Feature Article

Thinking inside the box

The Optimus-H transport cask on display at the 2020 Waste Management Conference in Phoenix, Ariz.

Jeff England, director of transportation projects for NAC International, pointed to the large stainless steel canister, which looked like a giant-­sized silver dumbbell, perched on the flatbed of a semitrailer truck parked in the middle of the expansive exhibit hall in the Phoenix Convention Center. NAC, a provider of nuclear storage, transportation, and consulting services, was using the 2020 Waste Management Conference, held March 8–12 in Phoenix, Ariz., to unveil its newest transport casks, the Optimus-­H and Optimus-­L.

“These are a different niche,” England said of the casks, which were designed to transport radioactive materials, including remote-­handled transuranic waste, high-­activity intermediate-­level waste, low-­enriched uranium, and fissile materials. “You have a lot of [small] drum-­sized packages, and you also have a lot of big packages that will hold around 10 55-­gallon drums. But there’s not anything in between. We hold a 110-­gallon drum capacity.”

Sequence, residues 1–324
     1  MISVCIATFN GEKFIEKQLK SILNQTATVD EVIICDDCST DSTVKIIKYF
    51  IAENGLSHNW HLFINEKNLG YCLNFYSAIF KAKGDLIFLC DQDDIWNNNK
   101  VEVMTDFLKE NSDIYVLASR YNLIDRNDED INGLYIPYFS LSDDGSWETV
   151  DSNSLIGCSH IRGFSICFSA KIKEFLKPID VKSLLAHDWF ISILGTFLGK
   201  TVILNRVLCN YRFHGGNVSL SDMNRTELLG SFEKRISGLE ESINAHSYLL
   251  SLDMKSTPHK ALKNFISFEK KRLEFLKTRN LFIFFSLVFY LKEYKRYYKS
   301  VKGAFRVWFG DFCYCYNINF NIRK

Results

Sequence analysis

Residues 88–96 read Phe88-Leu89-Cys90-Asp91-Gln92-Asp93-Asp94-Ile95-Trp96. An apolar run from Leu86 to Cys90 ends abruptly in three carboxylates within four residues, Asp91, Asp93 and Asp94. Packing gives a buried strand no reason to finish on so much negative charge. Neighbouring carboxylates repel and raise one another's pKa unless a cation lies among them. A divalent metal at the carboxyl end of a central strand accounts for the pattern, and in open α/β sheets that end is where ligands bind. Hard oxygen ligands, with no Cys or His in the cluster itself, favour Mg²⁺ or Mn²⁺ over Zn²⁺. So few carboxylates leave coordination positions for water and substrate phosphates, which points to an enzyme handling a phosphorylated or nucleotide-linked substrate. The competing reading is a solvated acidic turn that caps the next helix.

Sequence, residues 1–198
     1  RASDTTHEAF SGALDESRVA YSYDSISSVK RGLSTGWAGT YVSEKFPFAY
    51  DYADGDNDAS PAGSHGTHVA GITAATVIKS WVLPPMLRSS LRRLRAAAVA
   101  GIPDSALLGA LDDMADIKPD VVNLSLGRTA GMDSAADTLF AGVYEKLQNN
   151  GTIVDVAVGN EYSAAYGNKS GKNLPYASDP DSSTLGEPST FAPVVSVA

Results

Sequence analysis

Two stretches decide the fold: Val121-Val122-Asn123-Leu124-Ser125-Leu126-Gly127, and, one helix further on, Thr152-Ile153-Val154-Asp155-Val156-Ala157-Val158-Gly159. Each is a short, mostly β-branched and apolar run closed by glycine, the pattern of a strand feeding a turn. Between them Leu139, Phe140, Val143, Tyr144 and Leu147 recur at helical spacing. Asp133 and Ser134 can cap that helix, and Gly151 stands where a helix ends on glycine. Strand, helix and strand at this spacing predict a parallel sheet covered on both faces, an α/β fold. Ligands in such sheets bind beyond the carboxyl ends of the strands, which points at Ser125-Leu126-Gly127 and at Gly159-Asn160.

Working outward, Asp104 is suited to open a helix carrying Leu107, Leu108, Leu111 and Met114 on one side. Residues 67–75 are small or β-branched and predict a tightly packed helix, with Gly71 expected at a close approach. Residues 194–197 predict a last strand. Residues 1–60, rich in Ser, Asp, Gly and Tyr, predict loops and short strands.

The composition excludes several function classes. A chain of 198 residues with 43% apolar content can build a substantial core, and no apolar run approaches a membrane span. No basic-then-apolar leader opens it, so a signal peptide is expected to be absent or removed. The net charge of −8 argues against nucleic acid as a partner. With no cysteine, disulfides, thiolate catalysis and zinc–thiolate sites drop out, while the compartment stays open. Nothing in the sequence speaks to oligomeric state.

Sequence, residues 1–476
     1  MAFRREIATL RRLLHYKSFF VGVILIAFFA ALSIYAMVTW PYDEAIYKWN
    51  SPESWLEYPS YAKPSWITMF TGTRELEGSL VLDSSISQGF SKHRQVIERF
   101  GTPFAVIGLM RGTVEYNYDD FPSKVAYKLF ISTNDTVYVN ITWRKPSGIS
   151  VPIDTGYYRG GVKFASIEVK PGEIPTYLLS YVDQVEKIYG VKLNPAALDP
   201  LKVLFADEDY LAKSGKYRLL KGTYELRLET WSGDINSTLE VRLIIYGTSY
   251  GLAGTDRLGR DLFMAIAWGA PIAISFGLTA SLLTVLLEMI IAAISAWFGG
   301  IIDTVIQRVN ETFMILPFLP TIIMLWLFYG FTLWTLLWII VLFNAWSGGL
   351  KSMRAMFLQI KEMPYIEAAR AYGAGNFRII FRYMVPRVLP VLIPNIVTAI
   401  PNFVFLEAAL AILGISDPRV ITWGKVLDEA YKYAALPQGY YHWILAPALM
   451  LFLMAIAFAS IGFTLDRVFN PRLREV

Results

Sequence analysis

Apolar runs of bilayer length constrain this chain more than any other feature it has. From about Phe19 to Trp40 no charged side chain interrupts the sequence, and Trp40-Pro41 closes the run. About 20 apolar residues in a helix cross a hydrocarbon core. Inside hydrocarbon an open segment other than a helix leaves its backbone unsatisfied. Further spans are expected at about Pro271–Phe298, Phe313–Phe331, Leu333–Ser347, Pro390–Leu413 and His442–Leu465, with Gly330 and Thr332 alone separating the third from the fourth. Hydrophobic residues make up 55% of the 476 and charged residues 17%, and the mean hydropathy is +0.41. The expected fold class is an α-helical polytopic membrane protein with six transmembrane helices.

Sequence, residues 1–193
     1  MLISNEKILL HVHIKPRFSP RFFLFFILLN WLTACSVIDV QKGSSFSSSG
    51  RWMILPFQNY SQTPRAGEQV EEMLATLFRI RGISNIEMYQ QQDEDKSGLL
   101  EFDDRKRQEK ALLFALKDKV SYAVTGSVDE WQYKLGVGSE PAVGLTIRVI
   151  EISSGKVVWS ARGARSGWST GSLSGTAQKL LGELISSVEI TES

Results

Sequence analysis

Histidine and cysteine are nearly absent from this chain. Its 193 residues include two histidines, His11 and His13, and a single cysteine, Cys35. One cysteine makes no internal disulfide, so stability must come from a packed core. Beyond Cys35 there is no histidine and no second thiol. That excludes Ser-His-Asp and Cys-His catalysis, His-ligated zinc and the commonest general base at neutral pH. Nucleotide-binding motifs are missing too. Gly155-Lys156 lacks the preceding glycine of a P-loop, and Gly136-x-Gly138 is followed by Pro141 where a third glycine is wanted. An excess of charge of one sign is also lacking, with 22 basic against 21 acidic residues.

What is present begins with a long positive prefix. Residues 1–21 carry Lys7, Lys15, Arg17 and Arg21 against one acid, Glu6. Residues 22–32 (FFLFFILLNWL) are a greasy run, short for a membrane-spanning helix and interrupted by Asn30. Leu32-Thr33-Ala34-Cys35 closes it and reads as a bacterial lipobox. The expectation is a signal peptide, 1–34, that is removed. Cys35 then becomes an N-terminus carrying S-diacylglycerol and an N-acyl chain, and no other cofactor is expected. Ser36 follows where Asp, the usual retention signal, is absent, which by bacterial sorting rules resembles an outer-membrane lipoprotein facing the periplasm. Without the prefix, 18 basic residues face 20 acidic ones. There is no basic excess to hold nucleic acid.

IRE produces first batch of LEU-based Mo-99

Belgium’s National Institute of Radioelements (IRE) announced on April 30 that it has produced its first batch of commercial molybdenum-99 from low-enriched uranium (LEU) targets. The first batch of Mo-99, whose decay product, technetium-99m, is used in nuclear medicine for diagnostic imaging, was produced for the U.S. health market. IRE said that the conversion to LEU represents a key milestone for the institute in the global commitment to end the civilian use of highly enriched uranium (HEU) for the production of Mo-99.